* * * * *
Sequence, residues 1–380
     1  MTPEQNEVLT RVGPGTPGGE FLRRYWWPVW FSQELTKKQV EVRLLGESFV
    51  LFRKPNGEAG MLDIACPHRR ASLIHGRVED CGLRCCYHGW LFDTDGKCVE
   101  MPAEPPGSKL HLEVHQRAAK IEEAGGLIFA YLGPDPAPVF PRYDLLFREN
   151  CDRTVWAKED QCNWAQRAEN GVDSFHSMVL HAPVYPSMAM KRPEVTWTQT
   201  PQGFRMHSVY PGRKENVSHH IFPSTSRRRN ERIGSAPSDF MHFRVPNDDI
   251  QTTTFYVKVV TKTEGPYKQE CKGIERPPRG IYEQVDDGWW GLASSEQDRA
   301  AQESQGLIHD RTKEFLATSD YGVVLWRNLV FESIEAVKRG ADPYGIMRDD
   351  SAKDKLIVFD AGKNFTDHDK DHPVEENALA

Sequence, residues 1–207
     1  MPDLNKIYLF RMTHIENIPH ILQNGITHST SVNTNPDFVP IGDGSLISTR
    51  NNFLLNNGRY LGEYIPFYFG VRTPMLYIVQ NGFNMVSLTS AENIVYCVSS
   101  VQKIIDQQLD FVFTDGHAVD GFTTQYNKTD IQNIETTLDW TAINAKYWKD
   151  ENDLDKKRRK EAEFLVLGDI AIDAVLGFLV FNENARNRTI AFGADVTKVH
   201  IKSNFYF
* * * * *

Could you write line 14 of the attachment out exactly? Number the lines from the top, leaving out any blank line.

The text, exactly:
   151  ENDLDKKRRK EAEFLVLGDI AIDAVLGFLV FNENARNRTI AFGADVTKVH